When putting a team together, colleges should: 

  • Assemble the team prior to the first Academy convening to obtain commitment.

  • Ensure all team members know why they were chosen to participate in LFM and are familiar with the academy’s goals and structure.

  • Identify a team lead that will be the liaison between the team and the LFM coach, assist in coordinating monthly coaching meeting, and work with the coach to plan site visits to the college.

  • Confirm everyone on the team is knowledgeable about the project that will be worked on throughout the academy and fully understand their role in the project. 

  • Establish team expectations and norms.

 

Making Data Work for Student Success is designed to support the development of middle leadership for college teams and individuals working to advance their instructional and student support redesign efforts by grounding these endeavors in inquiry and evidence. Utilizing inquiry as a departure point, colleges will gain the skills to make data actionable and build their capacity to transform their colleges into student-centered institutions.

With a deep understanding of the challenges faced by middle leaders, the LFM curriculum delivers the tools and strategies that are useful to middle leaders through a project-based learning model that blends individual and collaborative leadership and data skills. During the program, participants hone their abilities to: 

  • Develop and build on their personal leadership identity

  • Apply critical inquiry skills to decision-making and communication

  • Access publicly available data sources and navigate corresponding data platforms

  • Work with disaggregated data and methods for determining disproportionate impact

  • Engage resistance, build coalitions, and win buy-in to drive institutional-based reforms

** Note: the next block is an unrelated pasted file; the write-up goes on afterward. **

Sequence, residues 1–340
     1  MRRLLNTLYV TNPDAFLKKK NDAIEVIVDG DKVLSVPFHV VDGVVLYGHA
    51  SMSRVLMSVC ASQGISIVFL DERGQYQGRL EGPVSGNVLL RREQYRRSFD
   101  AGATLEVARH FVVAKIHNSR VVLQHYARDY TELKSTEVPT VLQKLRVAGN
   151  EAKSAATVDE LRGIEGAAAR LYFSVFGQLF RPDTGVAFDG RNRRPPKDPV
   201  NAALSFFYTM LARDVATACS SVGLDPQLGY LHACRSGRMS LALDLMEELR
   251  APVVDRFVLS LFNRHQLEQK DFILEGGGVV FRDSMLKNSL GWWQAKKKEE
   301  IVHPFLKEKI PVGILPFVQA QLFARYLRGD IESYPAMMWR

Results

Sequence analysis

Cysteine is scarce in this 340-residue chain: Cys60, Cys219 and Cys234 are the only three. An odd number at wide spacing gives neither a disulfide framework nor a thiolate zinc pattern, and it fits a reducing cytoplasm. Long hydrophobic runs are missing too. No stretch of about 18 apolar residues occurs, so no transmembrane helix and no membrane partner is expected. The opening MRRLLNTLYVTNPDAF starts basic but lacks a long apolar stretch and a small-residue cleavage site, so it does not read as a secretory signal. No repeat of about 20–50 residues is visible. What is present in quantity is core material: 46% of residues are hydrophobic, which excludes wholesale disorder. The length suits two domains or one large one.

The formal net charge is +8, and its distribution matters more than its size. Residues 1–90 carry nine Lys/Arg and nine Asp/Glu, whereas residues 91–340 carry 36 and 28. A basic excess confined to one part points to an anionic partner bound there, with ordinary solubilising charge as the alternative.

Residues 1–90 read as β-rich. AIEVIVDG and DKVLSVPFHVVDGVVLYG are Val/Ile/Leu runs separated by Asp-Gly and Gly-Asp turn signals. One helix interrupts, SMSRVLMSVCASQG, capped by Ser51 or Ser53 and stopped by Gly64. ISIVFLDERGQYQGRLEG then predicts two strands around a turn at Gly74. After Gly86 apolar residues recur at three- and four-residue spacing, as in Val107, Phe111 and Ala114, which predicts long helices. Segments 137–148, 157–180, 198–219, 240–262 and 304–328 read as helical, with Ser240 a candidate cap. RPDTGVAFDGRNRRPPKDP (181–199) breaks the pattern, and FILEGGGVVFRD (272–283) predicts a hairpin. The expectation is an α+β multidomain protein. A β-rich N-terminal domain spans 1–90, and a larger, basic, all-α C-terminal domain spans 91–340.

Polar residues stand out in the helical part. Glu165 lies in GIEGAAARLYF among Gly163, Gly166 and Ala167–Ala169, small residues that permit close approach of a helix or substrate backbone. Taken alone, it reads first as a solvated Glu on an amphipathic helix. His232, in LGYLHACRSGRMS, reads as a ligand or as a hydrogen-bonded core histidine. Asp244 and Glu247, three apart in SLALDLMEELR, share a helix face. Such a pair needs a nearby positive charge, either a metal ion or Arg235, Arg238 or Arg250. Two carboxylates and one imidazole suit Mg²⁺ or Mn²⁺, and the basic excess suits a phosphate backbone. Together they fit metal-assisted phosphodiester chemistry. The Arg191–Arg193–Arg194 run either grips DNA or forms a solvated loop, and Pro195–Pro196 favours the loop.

Identifying your LFM Team:

Each college must identify a team of five people to participate in LFM. Because this year's curriculum will focus on grounding instructional and student support redesign efforts in inquiry and evidence, it is important that the team include representatives from across the campus such as instructional and counseling faculty, middle-level administrators, managers, and directors, classified, and an institutional researcher. Colleges are encouraged to consider projects that directly address leading indicators of student success, and which are corroborated by evidence.

When putting a team together, colleges should:

  • Assemble the team prior to the first Academy convening to obtain commitment.

  • Identify a team lead that will be the liaison between the team and the LFM coach, assist in coordinating monthly coaching meeting, and work with the coach to plan site visits to the college.

  • Ensure all team members know why they were chosen to participate in LFM and are familiar with the academy’s goals and structure.

  • Confirm everyone on the team is knowledgeable about the project that will be worked on throughout the academy and fully understand their role in the project. 

  • Establish team expectations and norms.